410 F.2d 1133
UNITED STATES of America, Plaintiff-Appellee,
Blake Watson COLEMAN, Defendant-Appellant.
United States Court of Appeals Tenth Circuit.
June 4, 1969.
Joseph Warner III, Albuquerque, N. M. (J. Stephen Gammill, Albuquerque, N. M., on the brief), for appellant.
John A. Babington, Asst. U. S. Atty., Albuquerque, N. M. (John Quinn, U. S. Atty., with him on the brief), for appellee.
Before PICKETT, HILL and HICKEY, Circuit Judges.
PICKETT, Circuit Judge.
Appellant Coleman was convicted and sentenced for the illegal transportation of a motor vehicle from Las Vegas, Nevada to Grants, New Mexico with knowledge that it had been stolen. His principal challenge to the conviction is the admission in evidence of a prior similar offense and the court's instruction relating thereto.
Early in March, 1968, a number of credit cards issued to Harry S. Weiss were stolen from the glove compartment of his automobile at Arcadia, California. On July 13, 1968 at Las Vegas, Nevada Coleman, representing himself to be Harry S. Weiss and using some of the Weiss credit cards for identification, obtained a rental automobile from a car rental service. Coleman signed the rental contract as Harry S. Weiss. Shortly thereafter, he was apprehended in New Mexico with the rented car. At trial the court admitted evidence showing that approximately one month prior to the Las Vegas transaction Coleman had rented an automobile from a Cedar City, Utah concern by using substantially the same method as used at Las Vegas. In both instances he represented himself to be Harry S. Weiss and used the Weiss credit cards for identification to establish his credit. The court instructed the jury that evidence of the prior offense could be considered by it only "in determining the state of mind or intent with which the defendant did the acts charged in the Indictment * * *."
The rule relating to the admissibility of other offenses in the trial of a criminal case has often been considered by this court. It was most recently stated in Moran v. United States, 10 Cir., 404 F.2d 663, 667:
"It is elementary that evidence of other offenses of an accused is not admissible in the trial of a criminal offense. Jones v. United States (10 Cir., 1958), 251 F.2d 288, cert. den. 356 U.S. 919, 78 S.Ct. 703, 2 L.Ed.2d 715. However, the exception to this rule is equally well established that to be admissible, evidence of other criminal acts must tend to prove the accused guilty of the crime charged, to connect him with the crime, or to prove some particular element or material fact of the crime. Evidence of other offenses is admissible if it tends to show guilty motive, intent, knowledge, identity, plan, scheme, or course of conduct on the part of the accused. See Berry v. United States, 271 F.2d 775 (1959); Weeks v. United States, 313 F.2d 688 (1963); Woodland v. United States, 347 F.2d 956 (1965); Mills v. United States, 367 F.2d 366 (1966), all Tenth Circuit cases; and DeVore v. United States, 368 F.2d 396 (9 Cir., 1966)."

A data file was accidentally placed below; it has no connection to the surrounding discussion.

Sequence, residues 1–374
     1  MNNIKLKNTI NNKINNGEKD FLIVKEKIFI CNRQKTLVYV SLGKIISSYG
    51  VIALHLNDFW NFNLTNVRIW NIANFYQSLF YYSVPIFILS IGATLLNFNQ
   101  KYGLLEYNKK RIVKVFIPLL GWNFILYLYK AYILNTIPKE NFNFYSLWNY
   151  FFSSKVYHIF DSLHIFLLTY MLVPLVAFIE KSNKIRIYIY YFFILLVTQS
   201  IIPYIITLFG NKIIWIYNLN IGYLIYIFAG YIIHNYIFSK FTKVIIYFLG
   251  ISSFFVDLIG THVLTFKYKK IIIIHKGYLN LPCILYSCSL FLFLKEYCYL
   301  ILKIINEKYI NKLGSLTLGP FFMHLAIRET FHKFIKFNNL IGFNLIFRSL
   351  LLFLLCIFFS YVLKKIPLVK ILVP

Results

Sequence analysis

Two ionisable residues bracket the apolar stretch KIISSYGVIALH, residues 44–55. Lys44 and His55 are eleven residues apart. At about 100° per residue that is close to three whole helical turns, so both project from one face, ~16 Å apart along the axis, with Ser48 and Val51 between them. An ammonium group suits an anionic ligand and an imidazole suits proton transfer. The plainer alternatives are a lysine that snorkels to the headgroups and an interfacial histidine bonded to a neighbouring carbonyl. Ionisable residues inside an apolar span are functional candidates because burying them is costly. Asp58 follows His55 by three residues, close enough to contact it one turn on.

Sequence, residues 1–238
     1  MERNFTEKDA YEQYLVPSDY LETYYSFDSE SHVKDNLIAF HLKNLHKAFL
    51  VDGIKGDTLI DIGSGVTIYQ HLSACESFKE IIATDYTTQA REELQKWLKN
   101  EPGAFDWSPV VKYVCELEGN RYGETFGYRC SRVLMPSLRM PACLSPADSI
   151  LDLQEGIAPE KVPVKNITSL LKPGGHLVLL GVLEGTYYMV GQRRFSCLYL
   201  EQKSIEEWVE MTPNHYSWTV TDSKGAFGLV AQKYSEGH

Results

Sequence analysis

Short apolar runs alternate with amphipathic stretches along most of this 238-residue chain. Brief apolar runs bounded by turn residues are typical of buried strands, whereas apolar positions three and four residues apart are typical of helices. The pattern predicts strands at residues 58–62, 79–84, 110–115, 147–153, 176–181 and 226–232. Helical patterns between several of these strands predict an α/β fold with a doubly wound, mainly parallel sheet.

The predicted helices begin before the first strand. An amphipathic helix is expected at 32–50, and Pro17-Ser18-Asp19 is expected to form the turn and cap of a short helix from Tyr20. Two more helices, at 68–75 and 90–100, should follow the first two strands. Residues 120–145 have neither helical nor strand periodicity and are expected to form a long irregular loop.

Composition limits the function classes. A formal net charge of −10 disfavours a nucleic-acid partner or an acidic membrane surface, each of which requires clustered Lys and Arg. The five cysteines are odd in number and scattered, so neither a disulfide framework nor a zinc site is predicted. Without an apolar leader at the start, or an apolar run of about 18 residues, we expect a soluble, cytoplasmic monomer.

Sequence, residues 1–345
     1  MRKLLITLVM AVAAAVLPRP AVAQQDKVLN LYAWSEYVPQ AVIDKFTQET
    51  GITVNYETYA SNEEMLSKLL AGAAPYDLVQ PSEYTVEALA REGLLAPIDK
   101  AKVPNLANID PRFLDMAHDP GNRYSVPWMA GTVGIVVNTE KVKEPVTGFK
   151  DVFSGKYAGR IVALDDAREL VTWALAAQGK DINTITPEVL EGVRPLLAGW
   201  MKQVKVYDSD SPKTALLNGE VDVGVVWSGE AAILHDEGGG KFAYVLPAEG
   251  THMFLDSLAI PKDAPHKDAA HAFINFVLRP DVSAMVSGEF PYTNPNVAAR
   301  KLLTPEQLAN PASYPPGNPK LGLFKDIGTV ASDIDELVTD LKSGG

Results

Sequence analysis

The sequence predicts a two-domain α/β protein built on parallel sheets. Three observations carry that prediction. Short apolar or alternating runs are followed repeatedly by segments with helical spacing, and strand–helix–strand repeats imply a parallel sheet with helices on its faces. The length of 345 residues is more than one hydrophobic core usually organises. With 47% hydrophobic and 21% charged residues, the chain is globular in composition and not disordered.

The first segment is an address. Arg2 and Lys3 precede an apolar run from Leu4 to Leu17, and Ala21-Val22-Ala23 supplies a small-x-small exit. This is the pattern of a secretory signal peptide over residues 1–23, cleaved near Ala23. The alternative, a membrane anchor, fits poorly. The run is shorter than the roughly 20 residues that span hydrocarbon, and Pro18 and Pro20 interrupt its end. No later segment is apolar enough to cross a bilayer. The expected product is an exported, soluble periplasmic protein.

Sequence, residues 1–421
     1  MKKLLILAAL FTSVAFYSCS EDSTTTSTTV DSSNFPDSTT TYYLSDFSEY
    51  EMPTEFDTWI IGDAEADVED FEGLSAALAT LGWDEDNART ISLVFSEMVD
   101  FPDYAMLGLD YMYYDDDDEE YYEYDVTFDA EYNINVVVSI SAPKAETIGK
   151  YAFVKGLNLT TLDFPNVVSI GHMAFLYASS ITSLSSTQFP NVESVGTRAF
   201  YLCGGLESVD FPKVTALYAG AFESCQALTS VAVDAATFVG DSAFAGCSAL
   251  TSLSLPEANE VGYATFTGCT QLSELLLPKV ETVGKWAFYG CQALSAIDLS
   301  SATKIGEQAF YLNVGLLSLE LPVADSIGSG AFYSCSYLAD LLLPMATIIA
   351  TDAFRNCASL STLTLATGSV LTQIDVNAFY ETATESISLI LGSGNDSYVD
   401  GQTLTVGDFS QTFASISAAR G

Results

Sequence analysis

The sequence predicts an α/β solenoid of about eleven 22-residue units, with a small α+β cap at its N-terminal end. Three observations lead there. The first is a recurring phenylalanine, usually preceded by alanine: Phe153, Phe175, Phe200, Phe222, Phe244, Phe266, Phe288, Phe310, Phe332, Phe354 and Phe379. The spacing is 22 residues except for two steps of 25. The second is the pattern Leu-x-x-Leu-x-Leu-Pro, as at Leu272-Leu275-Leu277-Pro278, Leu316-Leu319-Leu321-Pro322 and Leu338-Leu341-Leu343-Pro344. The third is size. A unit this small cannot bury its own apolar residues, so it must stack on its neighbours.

See also Beckwith v. United States, 10 Cir., 367 F.2d 458; Robinson v. United States, 10 Cir., 366 F.2d 575, cert. denied, 385 U.S. 1009, 87 S.Ct. 717, 17 L. Ed.2d 547. Evidence of the Cedar City, Utah transaction was well within the rule and admissible to show intent and a course of conduct.
In his argument to the jury, counsel for the defense referred to the fact that Coleman, when first interviewed by the New Mexico Highway Patrolman, displayed his own driver's license and not that of Harry S. Weiss. He then stated: "I submit to you that why in the world wouldn't he have used Weiss' driver's license, if he, in fact, was trying to get away with this? Because he would obviously have gotten away with it." Weiss' driver's license was not admitted in evidence and the only reference to it was made by the agent who had rented the car to Coleman in Las Vegas. She indicated in her testimony that Coleman had Weiss' driver's license. In response to this argument, counsel for the United States argued that a possible reason for Coleman's failure to show the patrolman Weiss' driver's license was because the description thereon would indicate that there was no physical similarity between Weiss and Coleman. The court overruled an objection, stating that "the jury will remember what the evidence is, and that is the only evidence you may consider." Although there is some doubt as to Coleman's possession of the Weiss driver's license, in view of defense counsel's argument and the court's statement to the jury, there could be no prejudice in statements made by counsel for the United States.